Chester Isaiah Long
Politician. Republican. Born: October 12, 1860, Millerstown, Pennsylvania. Died: July 1, 1934, Washington, D.C. Served in U.S. House of Representatives, 7th District: March 4, 1899, to March 3, 1909. Served in U.S. Senate: March 4, 1903, to March 4, 1909
Chester I. Long, the future representative and senator from Kansas, was born in near Millerstown in Perry County, Pennsylvania, on October 12, 1860, and moved with his parents to Daviess County, Missouri, in 1865. Long moved to Paola, Kansas, in 1879, and graduated from the normal school there in 1880; he subsequently taught school for several years, studied law, was admitted to the bar in 1885, and decided to start his practice in Medicine Lodge. In 1888 Long launched his career in public office with a successful race for the state senate, a position he held for one term (1889-1893) before making an unsuccessful bid for election to Congress in 1892. Undaunted, Long came back two years later and won the seat as a Republican to the Fifty-fourth Congress by defeating the two-term incumbent, Populist Jerry Simpson. Two years later, Long lost a rematch to Simpson, but was victorious in the congressional elections of 1898, 1900, and 1902; this time Congressman Long served from March 4, 1899, until his resignation, effective March 4, 1903, before the commencement of the Fifty-eighth Congress, to become U.S. senator from Kansas. Long's service in the Senate was limited to one term (March 4, 1903, to March 3, 1909), he was an unsuccessful candidate for renomination in 1908. In 1911 the former senator moved to Wichita where he practiced law and chaired the commission to revise the general statutes of Kansas, 1921-1923, before moving back in 1925 to Washington, D.C., where he served as president of the American Bar Association (1925-1926) and died on July 1, 1934. (For more information on Long, see finding aids.)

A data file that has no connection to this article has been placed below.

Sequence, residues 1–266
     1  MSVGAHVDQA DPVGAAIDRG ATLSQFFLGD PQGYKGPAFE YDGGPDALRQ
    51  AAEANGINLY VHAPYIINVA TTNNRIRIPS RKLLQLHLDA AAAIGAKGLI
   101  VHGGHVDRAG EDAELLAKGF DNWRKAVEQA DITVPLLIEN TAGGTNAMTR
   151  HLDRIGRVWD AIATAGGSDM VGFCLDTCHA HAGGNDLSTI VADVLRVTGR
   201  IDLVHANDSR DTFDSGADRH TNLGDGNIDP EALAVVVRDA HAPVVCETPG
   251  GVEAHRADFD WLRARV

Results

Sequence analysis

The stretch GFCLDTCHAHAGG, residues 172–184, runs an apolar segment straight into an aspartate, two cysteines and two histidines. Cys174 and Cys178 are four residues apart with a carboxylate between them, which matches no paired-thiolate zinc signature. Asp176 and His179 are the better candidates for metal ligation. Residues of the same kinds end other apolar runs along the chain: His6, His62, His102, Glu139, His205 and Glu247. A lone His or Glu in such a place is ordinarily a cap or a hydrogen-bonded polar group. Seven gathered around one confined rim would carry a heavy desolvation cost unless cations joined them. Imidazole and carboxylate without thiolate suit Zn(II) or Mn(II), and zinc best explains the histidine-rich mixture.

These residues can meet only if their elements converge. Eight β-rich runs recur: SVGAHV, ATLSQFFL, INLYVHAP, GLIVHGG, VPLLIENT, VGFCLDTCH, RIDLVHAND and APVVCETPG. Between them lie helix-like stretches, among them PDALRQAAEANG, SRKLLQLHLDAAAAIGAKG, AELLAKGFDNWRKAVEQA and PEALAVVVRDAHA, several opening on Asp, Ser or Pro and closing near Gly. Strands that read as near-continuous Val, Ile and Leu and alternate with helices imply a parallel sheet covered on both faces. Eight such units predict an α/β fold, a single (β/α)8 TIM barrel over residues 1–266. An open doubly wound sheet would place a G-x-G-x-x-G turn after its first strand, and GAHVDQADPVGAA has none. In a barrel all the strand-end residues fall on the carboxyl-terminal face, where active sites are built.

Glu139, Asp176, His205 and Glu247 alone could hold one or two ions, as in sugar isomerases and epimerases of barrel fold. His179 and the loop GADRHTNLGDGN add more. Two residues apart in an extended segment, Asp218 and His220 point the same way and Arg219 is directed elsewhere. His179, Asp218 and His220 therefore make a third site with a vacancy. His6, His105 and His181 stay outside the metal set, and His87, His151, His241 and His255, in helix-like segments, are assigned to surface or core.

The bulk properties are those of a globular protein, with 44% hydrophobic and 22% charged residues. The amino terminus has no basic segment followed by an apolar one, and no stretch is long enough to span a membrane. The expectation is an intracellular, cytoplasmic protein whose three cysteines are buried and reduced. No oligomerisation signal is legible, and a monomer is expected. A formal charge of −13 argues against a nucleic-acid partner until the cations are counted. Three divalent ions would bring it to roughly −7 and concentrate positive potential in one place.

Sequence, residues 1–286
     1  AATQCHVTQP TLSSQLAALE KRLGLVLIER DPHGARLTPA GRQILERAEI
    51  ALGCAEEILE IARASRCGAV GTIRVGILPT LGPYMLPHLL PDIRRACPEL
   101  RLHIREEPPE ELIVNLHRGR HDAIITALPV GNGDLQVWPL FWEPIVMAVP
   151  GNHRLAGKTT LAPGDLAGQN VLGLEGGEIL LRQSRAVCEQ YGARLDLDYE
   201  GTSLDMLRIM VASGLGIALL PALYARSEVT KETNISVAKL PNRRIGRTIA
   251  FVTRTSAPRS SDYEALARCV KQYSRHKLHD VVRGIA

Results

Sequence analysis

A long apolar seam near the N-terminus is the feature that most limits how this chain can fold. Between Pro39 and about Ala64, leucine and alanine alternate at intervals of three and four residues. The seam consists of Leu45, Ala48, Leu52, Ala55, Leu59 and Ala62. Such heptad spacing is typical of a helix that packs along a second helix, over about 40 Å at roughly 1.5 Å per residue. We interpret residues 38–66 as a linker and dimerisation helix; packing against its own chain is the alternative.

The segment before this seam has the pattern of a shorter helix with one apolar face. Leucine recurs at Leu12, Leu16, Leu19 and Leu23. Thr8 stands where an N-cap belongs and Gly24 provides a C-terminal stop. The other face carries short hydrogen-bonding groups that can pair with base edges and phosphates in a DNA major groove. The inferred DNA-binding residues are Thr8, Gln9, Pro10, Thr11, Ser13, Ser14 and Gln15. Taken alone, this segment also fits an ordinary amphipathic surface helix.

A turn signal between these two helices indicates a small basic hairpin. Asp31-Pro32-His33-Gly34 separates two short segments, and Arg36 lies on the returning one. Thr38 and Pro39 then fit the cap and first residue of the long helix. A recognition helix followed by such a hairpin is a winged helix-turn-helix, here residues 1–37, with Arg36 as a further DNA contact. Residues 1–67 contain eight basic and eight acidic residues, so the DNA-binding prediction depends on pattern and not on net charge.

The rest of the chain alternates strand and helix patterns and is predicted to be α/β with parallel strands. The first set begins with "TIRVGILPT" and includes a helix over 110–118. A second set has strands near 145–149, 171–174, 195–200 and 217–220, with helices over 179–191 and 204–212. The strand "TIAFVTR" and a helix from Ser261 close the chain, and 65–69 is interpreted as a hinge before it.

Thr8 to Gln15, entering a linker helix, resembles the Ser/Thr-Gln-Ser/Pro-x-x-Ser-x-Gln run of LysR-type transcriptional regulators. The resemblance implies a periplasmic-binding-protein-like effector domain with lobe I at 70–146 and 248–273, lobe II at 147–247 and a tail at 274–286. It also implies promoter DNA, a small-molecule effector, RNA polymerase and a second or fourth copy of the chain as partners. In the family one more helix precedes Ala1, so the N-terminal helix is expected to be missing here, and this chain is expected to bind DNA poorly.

Entry: Long, Chester Isaiah
Author: Kristina Gaylord
Date Created: June 2011
Date Modified: May 2012
The author of this article is solely responsible for its content.